American Jews Are Becoming Increasingly Critical of Israel & Its Settlement Enterprise


According to a Pew survey, American Jews are becoming increasingly critical of Israel, with nearly 50 percent no longer believing that its leaders are sincerely interested in making peace with Palestinians.
The Pew survey’s findings are particularly significant when one considers what Peter Beinart calls the “American Jewish cocoon.” Within many segments of the American Jewish community, honest looks at the Israeli-Palestinian conflict are not normative in synagogues or Jewish institutions, and a majority of Jewish leaders tend toward reflexively supporting Israeli policies (such as settlements and the occupation) which are both self-destructive and hurtful to Palestinians.
However, the views of American Jews at large are straying from the institutional norms, particularly, and perhaps most significantly, the 18-29 set.

For example, 48% of American Jews no longer view the Israeli government as making sincere efforts at peace, as opposed to 38% who do, and for those under 30, only one in four (26%) view the Israeli government as sincere brokers.

(American Jewish Protestors/ Credit: Creative Commons)

Additionally, 44% of American Jews now view Israeli settlement construction as hurting Israeli security, as opposed to a mere 17% who think it helps. For those under 30, the numbers skew even further, with 50% finding settlement construction as self-destructive as opposed to 11% who feel that settlements help Israel. (I understand some might find the question offensive, thinking, The settlements are hurting Israel? But please note that the Pew survey attempted to measure American Jews’ connection to, and concern for, Israel.)
Perhaps most significant, one in four (25%) of American Jews under 30 feel the United States is too supportive of Israel considering the country’s policies, compared with just 11% overall.
While the figures also skew along religious/non-religious and liberal/conservative lines, this trend of younger American Jews being more critical of Israel is, in my view, particularly striking. One reason for this trend, perhaps, is due to younger Jews getting their information from increasingly independent sources that stray from mainstream U.S. outlets’ tendency to cast the Israeli-Palestinian conflict as one of good vs. evil.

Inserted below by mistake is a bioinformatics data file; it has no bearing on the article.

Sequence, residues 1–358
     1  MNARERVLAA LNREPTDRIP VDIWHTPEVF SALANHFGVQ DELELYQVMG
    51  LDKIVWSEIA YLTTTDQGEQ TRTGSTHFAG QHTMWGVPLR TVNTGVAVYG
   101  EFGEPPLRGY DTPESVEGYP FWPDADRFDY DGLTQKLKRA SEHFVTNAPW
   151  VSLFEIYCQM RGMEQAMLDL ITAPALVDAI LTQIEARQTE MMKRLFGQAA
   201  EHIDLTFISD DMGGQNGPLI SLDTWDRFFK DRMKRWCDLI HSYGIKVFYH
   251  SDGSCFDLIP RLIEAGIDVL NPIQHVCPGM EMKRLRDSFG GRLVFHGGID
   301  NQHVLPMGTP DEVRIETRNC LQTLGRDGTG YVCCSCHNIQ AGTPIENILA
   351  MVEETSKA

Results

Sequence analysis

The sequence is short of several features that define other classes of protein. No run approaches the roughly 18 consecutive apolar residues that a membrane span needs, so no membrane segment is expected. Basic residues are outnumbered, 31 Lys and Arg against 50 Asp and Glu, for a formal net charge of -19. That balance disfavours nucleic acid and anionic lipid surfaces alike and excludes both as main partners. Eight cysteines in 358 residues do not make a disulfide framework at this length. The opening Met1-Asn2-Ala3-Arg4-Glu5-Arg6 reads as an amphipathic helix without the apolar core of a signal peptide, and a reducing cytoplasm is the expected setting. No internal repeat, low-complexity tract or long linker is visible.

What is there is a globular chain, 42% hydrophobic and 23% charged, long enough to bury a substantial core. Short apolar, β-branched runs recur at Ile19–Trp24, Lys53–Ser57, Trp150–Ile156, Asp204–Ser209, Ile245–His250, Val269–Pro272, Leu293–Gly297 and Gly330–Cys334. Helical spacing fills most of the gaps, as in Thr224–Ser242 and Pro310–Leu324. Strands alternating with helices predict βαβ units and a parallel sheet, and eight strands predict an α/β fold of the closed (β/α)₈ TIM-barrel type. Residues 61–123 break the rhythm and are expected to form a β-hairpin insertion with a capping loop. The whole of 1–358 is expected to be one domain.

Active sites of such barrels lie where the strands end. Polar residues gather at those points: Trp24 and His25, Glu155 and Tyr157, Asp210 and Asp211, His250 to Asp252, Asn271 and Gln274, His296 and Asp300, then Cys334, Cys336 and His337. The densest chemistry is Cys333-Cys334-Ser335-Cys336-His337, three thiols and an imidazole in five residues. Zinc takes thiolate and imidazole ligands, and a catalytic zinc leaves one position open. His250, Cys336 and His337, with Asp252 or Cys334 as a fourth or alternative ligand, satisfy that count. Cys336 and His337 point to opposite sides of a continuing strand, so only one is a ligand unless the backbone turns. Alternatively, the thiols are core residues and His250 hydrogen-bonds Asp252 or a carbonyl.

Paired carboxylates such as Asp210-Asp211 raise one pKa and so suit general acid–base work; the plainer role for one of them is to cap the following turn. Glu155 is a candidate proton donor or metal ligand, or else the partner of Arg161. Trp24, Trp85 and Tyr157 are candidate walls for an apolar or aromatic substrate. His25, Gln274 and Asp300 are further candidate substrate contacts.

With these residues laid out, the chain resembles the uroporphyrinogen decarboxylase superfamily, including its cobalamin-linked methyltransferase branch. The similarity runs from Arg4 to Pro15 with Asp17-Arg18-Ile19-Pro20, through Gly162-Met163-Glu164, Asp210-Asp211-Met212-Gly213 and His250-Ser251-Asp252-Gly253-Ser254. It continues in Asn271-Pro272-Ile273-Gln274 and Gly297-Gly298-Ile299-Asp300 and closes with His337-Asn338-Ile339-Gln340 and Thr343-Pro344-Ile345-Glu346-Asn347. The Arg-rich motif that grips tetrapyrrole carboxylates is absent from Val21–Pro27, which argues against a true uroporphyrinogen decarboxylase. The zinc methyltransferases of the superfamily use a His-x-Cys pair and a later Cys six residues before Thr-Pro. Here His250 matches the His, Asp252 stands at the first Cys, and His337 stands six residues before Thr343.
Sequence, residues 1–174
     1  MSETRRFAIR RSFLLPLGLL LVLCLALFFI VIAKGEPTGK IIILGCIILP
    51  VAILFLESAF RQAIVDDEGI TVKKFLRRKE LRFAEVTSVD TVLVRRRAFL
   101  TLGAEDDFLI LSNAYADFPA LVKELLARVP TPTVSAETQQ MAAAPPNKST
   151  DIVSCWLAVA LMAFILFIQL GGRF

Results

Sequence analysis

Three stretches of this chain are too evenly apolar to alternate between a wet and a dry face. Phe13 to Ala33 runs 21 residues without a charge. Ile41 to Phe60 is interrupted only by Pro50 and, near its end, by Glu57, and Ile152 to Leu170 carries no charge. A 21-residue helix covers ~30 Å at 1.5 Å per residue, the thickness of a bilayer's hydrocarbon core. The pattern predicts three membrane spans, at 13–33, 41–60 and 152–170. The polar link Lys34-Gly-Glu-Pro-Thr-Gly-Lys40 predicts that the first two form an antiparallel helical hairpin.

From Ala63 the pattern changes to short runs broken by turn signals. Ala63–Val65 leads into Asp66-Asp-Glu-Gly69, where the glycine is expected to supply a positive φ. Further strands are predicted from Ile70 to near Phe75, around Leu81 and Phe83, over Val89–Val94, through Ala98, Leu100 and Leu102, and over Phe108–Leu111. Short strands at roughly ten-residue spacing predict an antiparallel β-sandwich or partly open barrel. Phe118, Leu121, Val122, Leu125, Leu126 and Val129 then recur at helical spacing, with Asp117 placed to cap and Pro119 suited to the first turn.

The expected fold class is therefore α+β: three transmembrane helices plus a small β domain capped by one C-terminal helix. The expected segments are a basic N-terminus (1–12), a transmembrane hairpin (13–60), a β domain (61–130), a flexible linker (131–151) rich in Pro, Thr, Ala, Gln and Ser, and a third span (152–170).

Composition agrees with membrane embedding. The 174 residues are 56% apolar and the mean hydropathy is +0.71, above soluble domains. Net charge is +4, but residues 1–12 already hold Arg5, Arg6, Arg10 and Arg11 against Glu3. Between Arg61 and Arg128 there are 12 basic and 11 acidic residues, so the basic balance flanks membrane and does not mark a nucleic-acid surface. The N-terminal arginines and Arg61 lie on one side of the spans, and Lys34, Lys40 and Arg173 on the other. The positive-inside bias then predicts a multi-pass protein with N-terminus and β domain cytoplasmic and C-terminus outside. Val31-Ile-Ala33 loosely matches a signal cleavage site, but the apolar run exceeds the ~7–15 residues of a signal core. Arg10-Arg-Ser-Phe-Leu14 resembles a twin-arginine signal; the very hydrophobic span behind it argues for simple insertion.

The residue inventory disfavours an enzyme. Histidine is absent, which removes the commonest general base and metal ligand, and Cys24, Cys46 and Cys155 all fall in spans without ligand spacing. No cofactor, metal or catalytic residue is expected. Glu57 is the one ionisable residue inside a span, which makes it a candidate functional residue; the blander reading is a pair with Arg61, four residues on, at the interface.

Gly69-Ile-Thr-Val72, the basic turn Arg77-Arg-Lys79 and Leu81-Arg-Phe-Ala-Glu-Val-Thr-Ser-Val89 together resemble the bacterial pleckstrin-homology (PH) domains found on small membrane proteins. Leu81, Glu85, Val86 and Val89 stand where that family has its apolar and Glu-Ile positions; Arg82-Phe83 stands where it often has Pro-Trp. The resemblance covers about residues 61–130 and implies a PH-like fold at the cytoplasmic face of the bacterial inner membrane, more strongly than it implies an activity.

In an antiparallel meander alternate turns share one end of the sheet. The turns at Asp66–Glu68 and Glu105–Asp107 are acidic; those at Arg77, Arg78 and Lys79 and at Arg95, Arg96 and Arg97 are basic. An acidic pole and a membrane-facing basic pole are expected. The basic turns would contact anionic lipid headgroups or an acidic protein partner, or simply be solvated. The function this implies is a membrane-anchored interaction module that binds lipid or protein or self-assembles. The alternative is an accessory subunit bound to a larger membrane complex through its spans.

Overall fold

Indeed, the role of progressive and independent media sites, such as this one, in shifting public opinion with regard to the Israeli-Palestinian conflict should not be understated. For it is my view that Israel, as a country, is incapable of extricating itself from its settlement enterprise and the occupation, and that only pressure exerted by the United States could compel Israel to abandon such geo-political stances.
And in order for such pressure to be exerted, internal pressure must be exerted upon American politicians by U.S citizens in general, and American Jews in particular. Pressure which will only come when public opinion shifts.
And that shifting appears to be underway.


David Harris-Gershon is author of the memoir What Do You Buy the Children of the Terrorist Who Tried to Kill Your Wife?, now out from Oneworld Publications.
Follow him on Twitter @David_EHG.

0 thoughts on “American Jews Are Becoming Increasingly Critical of Israel & Its Settlement Enterprise

  1. “honest looks at the Israeli-Palestinian conflict ”
    Since the actual reality of the conflict is, and always has been, much larger, I would suggest that perhaps you are the one who is incapable of taking an honest look at the situation.
    When Israel is, let’s say, recognized as a nation and sovereign state by her neighbors, then perhaps she can let her guard down.
    Fantastic picture accompanying your article, btw, David. What’s the matter, you couldn’t find a royalty-free Neturei Karta ‘protest’ to illustrate your thoughts?

  2. This article gives me hope. I stopped feeling comfortable going to Temple when they put up signs saying they supported Israel’s treatment of the West Bank (though the signs phrased it more neutrally). It is clear to anyone paying attention that the “leadership” of Israel doesn’t want peace and won’t work for peace. I stand with the Israeli peace movement, just as I stood with the American peace movement when the U.S. decided to invade Iraq. Every seder, I read the portion about not oppressing the stranger and I think of the West Bank and the Arabs who live within Israel, and I wonder how anyone who reads Torah can justify how we treat strangers.

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